Many different organisations are involved in the management of water: the Environment Agency, United Utilities, Lancashire County Council and Lancaster City Council.
Lancaster City Council prepares the local plan that identifies development sites. The city council would like to make it clear that part of the evidence base for the Local Plan is a Strategic Flood Risk Assessment. This has been prepared by independent expert consultants. It considers whether the location of development proposed in the Local Plan is appropriate in relation to the known risks from all sources of flooding including surface water.
The recent events have added further intelligence to the understanding of flood risk within the district. Flood risk modelling continues to be updated for watercourses within the District, with a further review of the Strategic Flood Risk Assessment to be undertaken in the coming months once new data is finalised by the Environment Agency.
There are two things to note. The first is that a Local Plan is not complete until it has been through a thorough and independent Examination and the council has considered the Inspector’s report, usually with binding recommendations. The independent Examination will consider flood risk as an important matter and will take into consideration the comments of the Environment Agency and Lancashire County Council as Lead Local Flood Authority, both of whom are statutory partners in the preparation of the Local Plan.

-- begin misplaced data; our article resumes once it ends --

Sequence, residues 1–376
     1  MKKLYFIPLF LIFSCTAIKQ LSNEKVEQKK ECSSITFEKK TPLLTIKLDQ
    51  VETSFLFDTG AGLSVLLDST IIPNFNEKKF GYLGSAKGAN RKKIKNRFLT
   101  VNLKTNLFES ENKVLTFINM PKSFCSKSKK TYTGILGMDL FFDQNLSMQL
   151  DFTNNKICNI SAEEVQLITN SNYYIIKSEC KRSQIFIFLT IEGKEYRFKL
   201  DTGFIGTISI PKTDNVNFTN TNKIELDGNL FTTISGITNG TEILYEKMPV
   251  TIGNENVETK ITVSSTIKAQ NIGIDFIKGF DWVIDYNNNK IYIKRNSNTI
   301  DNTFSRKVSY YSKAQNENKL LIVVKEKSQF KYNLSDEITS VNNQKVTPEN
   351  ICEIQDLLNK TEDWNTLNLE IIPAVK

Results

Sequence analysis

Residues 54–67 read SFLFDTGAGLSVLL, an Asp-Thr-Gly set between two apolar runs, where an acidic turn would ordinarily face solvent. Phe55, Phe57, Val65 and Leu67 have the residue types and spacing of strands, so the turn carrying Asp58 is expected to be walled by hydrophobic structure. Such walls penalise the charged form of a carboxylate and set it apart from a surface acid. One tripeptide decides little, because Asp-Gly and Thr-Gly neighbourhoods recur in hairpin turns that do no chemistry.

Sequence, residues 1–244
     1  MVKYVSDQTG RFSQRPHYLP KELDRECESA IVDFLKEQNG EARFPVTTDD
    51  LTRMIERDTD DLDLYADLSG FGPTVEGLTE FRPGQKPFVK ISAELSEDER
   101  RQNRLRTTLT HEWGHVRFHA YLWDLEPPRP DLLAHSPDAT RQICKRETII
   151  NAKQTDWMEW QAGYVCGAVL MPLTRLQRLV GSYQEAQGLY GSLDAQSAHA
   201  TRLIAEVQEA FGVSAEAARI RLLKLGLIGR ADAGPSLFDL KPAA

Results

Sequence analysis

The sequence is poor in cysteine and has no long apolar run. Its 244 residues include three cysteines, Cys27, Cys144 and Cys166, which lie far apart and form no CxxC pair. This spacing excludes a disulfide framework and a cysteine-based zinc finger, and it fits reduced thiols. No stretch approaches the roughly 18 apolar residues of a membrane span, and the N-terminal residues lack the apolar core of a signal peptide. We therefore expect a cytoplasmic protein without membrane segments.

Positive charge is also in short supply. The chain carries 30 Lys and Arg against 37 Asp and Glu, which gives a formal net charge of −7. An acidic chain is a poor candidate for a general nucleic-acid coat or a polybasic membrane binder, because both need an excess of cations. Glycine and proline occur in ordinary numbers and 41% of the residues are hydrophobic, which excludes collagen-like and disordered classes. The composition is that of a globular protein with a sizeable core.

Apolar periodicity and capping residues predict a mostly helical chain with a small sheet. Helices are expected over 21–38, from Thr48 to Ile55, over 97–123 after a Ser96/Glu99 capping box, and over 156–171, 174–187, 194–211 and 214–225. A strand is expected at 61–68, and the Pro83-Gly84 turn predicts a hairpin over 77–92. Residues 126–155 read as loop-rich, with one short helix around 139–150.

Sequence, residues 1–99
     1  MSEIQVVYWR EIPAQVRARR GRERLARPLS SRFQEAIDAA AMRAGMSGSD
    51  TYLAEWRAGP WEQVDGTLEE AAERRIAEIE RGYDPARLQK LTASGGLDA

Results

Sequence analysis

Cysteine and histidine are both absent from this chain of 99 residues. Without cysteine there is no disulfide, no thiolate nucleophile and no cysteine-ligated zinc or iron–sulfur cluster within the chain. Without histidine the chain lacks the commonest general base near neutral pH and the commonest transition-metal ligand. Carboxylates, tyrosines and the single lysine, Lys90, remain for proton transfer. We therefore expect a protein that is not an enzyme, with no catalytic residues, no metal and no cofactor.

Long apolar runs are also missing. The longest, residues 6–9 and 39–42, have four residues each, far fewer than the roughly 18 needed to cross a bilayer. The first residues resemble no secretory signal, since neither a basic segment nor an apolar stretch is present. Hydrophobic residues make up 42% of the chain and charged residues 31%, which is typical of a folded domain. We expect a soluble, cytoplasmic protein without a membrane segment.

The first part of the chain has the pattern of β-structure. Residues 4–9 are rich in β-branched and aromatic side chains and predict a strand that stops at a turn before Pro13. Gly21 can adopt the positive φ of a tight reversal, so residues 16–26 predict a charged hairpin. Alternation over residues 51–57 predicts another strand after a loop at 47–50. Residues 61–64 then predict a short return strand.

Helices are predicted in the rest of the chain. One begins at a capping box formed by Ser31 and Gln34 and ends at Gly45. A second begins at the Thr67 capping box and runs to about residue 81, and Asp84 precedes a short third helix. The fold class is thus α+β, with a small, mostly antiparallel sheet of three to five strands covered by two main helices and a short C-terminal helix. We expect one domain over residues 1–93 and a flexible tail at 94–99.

There remains sufficient time to undertake further evaluations following the recent flooding events before the examination takes place, likely to be in late 2018.
The second is that development can also deliver bespoke solutions to flood risk which can be of benefit to the wider community and may not otherwise happen if development doesn’t occur.
As part of the proposals for the Bailrigg Garden Village, the council has commissioned independent engineering experts to examine how water is managed at present and how water should best be managed in future to reduce flood risk.
For example, the creation of areas of wetland and ponds could ensure that surface water run-off can be better accommodated in times of extreme rainfall such as those experienced last Wednesday.
Galgate is exposed to flood risk at present, however the development of the Garden Village has the potential to put in place mitigation works to reduce, rather than increase, the future flood risk in Galgate.
Any new advice from the Environment Agency and Lead Flood Authority (Lancashire County Council) as a result of last week’s floods will be given full weight by the council and not overridden. If they cannot support some parts of the Local Plan then it will be revised accordingly.
Last updated: 29 November 2017